The last couple of years have undoubtedly been a great time for garage music in general, but not just in the underground sense as we are about to read into. The sound in general has once again become synonymous with summertime, partying and just good vibes in general, which has been achieved through a near perfect balance between heavyweight underground releases and the slow but sure reintroduction of original vocalists into the picture, the vast majority of whom are bringing some refreshing to garage music and once again opening up to mainstream appeal. There is no doubt in our eyes that this is a good thing, as from what we can see, the core underground circle of labels are yet to not benefit from this rapid growth in popularity.
Today we are going to take a look at the latest offering from the one and only Bklava, a Brighton based singer & DJ whose unique vocal tones and intricate DJ / live PA style of performance have made her quite a name for herself in a relatively short space of time. Having made her name as one of the most exciting Patterns residents we have ever seen down here in Brighton, she has gone on to sign numerous deals with the infamous Ministry Of Sound venue and imprint, catapulting her fabulous vocal take on UKG to the forefront of everything happening right now.
Following on from a fantastic run of singles and EPs, she is back with another box of summertime goodness, this time taking the title ‘Autonomy’ and unleashing four fantastic new garage creations, combining sultry vocals with a vast array of production talents. The project kicks off with ‘Close To You’, the first single to be released and a perfect introduction for those who haven’t yet taken in the classic sound of Bklava. Her vocals of course play the lead roll above a stripped back roller of an instrumental, fuelled by emotional harmonics and lively basslines below. Next, the almost Amazonian melodies of ‘Only For Tonight’ combine with funk-like stabs, giving us a much more funky-sounding creation, over which Bklava’s vocals fit perfectly.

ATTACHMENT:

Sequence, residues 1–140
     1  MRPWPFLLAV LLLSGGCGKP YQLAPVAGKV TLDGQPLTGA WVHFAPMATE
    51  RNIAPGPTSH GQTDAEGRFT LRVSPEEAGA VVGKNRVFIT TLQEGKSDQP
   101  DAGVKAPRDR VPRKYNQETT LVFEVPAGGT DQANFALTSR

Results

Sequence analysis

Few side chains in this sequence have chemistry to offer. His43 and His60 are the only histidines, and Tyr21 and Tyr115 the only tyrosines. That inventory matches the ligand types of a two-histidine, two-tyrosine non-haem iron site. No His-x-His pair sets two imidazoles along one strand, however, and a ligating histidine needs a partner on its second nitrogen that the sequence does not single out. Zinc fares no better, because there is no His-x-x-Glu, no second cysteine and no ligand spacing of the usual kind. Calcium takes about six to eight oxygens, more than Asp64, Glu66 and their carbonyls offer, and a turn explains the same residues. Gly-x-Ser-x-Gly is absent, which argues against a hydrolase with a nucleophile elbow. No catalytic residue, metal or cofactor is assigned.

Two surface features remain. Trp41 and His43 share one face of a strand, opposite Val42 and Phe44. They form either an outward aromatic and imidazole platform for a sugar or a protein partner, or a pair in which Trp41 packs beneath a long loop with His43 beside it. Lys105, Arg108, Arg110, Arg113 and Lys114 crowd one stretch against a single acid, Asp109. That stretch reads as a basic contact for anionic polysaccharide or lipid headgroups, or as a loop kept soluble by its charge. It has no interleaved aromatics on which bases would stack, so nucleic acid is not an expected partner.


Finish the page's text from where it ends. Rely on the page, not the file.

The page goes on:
Next, ‘Sober’ takes us down a much more typically euphoric route, focussing in primarily on precise voice chops and big room harmonies, before giving the floor over to ‘Leave’. This is the perfect send off, with lifting melodic structures and skippy 2-step rhythms giving Bklava an opportunity to once again explore the softer side of her vocal range. The project overall, is pretty masterful in it’s creation, solidifying Bklava’s position even further as one of the most exciting names in the UK right now. You can check out the full EP via our friends at JunoDownload below: